Brent crude hovered above $105 a barrel on Monday, dropping from a one-week high hit on Friday, as US intervention in Iraq eased concerns over the risk of disruption to supply from Opec's second-largest producer.
Analysts have said that US air strikes on Islamic State targets in northern Iraq over the weekend could help enforce stability in Iraq, curbing the risk of supply disruptions. Iraqi Kurdistan said on Friday that its oil output remained unaffected.
September Brent crude had edged up 3 cents to $105.05 a barrel early on Monday. The contract jumped more than $1 to hit a weekly high of $106.85 on Friday before settling 42 cents lower.
US crude gained 21 cents to $97.86 a barrel.
"The way in which oil is behaving with respect to the Iraqi geopolitical tensions is really the balance between potential short-term supply disruptions, which so far have been non-existent, versus the long-term supply growth prospects," said Mark Keenan, head of commodities research Asia at Societe Generale.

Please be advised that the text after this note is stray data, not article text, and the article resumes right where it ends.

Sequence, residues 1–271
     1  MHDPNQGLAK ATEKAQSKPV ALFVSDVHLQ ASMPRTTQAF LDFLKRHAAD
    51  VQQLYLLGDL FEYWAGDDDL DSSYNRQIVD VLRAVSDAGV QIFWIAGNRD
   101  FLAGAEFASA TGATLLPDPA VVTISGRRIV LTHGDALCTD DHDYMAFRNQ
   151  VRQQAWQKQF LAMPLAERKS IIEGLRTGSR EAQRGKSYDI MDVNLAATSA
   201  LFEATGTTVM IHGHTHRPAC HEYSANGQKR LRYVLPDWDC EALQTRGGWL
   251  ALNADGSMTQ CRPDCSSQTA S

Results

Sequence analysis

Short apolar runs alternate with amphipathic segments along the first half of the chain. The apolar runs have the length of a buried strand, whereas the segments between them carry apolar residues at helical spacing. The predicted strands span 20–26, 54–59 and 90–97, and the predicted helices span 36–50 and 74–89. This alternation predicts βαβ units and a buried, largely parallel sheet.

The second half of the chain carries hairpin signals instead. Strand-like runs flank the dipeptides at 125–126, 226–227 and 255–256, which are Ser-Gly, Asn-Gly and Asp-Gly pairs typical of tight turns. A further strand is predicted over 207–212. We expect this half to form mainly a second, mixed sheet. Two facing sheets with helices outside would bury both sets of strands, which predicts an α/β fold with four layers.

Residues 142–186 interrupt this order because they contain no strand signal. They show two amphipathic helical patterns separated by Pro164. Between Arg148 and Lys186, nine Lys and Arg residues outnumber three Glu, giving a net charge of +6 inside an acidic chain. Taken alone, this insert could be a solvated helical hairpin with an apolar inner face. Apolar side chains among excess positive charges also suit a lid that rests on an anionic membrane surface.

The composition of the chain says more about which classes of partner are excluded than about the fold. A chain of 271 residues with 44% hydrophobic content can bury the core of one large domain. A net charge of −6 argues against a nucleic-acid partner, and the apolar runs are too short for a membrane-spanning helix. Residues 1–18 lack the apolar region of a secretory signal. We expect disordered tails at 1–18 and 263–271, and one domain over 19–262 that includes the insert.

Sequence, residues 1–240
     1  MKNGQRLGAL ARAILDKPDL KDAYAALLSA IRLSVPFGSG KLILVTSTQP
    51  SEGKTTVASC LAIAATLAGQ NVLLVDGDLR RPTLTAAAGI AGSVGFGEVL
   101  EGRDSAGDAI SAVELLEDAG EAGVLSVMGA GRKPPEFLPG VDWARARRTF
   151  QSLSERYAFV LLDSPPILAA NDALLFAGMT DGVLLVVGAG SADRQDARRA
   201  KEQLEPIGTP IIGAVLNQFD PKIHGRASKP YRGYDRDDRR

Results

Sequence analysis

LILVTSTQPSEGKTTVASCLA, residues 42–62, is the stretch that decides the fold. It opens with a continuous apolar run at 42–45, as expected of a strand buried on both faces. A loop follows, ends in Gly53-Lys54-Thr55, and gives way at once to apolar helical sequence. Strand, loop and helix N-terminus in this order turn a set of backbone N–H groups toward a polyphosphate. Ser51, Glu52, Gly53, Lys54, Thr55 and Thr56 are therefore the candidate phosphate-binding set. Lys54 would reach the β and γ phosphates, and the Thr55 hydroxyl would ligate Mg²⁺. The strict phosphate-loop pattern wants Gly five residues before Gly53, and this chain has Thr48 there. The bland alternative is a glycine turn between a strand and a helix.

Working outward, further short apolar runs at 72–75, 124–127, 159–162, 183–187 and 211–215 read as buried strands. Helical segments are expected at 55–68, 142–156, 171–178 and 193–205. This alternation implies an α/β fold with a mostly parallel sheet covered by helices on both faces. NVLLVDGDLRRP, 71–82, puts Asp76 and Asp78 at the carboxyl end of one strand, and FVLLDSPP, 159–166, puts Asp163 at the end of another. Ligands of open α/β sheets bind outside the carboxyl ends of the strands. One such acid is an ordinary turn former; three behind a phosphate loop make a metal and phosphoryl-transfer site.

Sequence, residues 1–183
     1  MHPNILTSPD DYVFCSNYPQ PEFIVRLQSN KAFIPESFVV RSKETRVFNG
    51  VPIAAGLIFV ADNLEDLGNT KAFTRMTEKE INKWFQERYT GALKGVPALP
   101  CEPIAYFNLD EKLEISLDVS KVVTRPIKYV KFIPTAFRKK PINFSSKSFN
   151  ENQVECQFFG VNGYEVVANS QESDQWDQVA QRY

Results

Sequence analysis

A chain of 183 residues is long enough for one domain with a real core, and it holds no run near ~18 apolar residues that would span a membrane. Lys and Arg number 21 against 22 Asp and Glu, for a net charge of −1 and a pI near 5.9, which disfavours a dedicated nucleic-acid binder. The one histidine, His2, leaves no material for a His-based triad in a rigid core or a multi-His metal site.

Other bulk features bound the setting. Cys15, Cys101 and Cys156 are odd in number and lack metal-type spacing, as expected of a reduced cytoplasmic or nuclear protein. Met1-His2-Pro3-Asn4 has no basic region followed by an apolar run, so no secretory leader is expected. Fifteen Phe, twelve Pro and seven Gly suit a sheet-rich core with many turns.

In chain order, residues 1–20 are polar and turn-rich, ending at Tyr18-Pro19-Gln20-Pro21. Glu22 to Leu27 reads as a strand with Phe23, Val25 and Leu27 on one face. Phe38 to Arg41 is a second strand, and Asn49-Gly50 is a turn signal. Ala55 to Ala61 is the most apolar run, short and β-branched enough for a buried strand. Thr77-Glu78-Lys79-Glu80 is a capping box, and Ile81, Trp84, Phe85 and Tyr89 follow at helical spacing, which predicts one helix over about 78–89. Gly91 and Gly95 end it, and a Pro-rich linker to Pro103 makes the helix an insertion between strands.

"It's unlikely to move higher unless there's a material disruption in supply. But the back-end of the curve has done most of the movement, with the premium staying in prices towards that area because of concerns about future output growth."
Iraq's oil exports from the south currently remain at near record levels and the Kurdistan Regional Government's (KRG) oil pipeline via Turkey is operating normally and pumping 120,000 barrels of oil per day despite an advance by Islamic State fighters in northern Iraq.
But the instability has prompted oil companies in Iraq and Iraqi Kurdistan to withdraw staff and raised doubts about whether Iraq will be able to raise output on the long run.
Last week, Brent rose to a premium over immediate prices for the first time since 2012 on long-term supply concerns over tensions in Iraq, Libya and Ukraine.
"Possibly for the first time in history, you've got geopolitical risks affecting long-term prices more than short-term prices which is obviously unusual," Keenan said.
An increase in Opec production in July also weighed on prompt Brent. Opec said the group managed to increase output in July despite violence in Iraq and Libya, pointing to more comfortable global supplies. The group also trimmed its 2014 global oil demand growth forecast for a second consecutive month.
US crude futures remained supported, with immediate prices higher than those in future months, supported by low inventories at its delivery point in Cushing, Oklahoma. Cushing inventories fell to minimal operating levels after new pipeline capacities started diverting oil from Mid-west to the gulf coast earlier this year.